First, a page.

Optimally, adolescents and young adults with cystic fibrosis (CF) should be prepared as early as possible for the transition from pediatric to adult care, especially with respect to preparation for becoming involved in their own treatment decisions.  This was among the results of a study recently published in the Journal of Pediatric Nursing.

For adolescents and young adults with CF, the shift from pediatric to adult care, termed “health care transition,” has been identified as an important life event. Recognizing that the experience of health care transition in CF remains poorly understood, researchers for the current study investigated the perspectives of a diverse sample of adolescents and young adults with CF at an urban academic medical center — the Columbia University Irving Medical Center in New York City — with respect to health care transition through a qualitative, descriptive study.

Investigators selected 12 adolescents and young adults aged 15 to 24 years who had either begun transition preparation, with a planned transfer to CF adult care in the next 3 years, or had completed their transfer to adult care in the past 5 years. Some of the adolescents and young adults included in the study had experience with the CF transition preparation program titled “Responsibility. Independence. Self-care. Education.” (R.I.S.E.).


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An online survey was used to obtain demographic information as well as information on responsibility for self-management behaviors. An iterative interview guide was used to direct all interviews, which were audio-recorded and video-recorded.

Of the 12 adolescents and young adults with CF enrolled in the study, 25% were female; 50% were White, 33% were Hispanic/Latino, and 25% were Black. The mean participant age was 20.8 years. The inductive analysis identified the following 3 themes: (1) independent care of the whole self (ie, the “importance of assuming self-management responsibility prior to transfer”); (2) preparing for change and the unknown (ie, “the process of transition preparation and coping with the associated change and uncertainty”); and (3) transition experiences vary (ie, “spectrum of transition experiences from planned to abrupt”).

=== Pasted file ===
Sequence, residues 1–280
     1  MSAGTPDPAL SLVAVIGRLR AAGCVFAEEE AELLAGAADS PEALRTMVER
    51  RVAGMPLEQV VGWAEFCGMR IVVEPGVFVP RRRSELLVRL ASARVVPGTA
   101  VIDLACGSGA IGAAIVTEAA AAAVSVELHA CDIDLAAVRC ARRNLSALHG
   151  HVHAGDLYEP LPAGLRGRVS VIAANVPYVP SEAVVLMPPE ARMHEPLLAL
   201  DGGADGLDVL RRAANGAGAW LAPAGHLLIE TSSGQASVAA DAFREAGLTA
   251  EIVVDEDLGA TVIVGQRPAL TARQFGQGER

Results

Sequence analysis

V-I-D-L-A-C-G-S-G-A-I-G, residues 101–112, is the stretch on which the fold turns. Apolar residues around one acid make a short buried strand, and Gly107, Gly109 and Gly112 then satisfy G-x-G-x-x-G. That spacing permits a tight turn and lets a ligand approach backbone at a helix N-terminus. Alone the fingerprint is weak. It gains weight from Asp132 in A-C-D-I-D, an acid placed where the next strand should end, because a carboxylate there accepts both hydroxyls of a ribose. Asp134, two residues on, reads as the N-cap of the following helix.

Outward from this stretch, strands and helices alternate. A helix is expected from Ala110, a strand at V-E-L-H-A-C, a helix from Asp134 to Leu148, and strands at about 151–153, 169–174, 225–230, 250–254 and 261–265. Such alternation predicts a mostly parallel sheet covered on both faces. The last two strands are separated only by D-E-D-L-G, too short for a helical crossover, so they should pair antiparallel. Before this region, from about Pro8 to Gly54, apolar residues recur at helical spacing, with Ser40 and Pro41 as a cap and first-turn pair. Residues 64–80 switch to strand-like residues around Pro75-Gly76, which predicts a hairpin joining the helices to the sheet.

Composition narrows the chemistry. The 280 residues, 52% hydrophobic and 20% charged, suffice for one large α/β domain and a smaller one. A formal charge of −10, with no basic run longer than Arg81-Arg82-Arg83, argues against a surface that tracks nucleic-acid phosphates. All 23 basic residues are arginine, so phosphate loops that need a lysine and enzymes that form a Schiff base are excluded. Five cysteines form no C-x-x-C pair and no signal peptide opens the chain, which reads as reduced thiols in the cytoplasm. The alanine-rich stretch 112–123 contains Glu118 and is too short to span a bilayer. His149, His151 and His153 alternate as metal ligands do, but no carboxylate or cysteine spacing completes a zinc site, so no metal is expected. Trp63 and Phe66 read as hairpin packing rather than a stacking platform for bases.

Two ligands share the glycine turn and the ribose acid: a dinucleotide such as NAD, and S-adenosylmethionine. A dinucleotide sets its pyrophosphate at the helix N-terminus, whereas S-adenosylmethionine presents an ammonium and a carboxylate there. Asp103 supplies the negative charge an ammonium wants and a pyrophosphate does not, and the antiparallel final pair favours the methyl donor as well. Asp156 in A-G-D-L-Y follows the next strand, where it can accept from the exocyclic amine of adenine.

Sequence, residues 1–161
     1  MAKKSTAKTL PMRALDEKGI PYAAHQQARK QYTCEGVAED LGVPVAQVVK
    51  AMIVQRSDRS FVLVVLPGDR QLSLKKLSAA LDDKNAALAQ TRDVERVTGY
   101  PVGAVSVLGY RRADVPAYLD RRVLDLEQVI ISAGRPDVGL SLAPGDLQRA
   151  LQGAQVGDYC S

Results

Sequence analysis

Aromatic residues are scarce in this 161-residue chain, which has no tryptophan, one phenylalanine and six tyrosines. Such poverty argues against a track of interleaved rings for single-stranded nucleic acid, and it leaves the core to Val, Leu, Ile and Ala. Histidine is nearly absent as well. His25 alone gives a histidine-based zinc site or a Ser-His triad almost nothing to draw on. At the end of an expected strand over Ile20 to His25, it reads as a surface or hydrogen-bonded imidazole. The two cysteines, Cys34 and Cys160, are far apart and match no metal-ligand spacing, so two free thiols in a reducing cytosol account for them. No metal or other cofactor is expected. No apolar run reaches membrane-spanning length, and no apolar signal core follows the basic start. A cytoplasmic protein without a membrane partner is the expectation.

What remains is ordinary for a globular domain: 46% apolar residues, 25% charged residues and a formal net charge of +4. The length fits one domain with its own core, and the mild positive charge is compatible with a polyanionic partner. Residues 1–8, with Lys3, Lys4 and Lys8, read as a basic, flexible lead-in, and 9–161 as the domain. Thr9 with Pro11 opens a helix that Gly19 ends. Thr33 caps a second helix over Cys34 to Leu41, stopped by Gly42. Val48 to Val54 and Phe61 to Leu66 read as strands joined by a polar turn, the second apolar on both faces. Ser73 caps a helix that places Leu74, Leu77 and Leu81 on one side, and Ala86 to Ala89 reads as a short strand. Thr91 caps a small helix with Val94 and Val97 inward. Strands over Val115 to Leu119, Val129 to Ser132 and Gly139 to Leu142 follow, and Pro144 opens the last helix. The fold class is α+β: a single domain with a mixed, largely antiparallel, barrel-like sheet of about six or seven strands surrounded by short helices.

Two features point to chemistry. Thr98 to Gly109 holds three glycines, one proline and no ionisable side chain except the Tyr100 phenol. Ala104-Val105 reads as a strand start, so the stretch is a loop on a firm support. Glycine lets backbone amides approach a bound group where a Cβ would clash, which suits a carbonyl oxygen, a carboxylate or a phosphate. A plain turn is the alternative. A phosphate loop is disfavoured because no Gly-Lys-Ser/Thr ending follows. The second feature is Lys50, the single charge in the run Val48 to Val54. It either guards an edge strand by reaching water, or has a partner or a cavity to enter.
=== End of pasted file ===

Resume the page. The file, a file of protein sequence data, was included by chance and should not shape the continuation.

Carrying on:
Through their analysis, the investigators found that all participants did not experience a smooth transition. In response, the investigators suggested interventions for the development of transition preparation, including the involvement of adolescents and young adults in transition decisions and initiating transition preparation early in adolescence.

Limitations of the current study include the fact that the findings represent a small sample of adolescents and young adults with CF from a single medical center, with their experiences reflective of the transition preparation programming that is available at that particular center. Further, the sample size was limited, with females accounting for only 25% of the participants.

In discussing practice implications, the study authors noted: “Participants expressed uncertainty about transition when they felt little control over the process or lacked sufficient information about adult care.” The investigators concluded that future research should focus on comprehensively assessing health care transition programs for patients with CF, including consideration of the parent perspective regarding transition preparation as well as other transition outcomes, such as lung function and adult CF clinic attendance.

Reference  

South K, George M, Sadeghi H, Piane V, Smaldone A. Moving up: healthcare transition experiences of adolescents and young adults with cystic fibrosis. J Pediatr Nurs. Published online March 30, 2022.  doi:10.1016/j.pedn.2022.03.007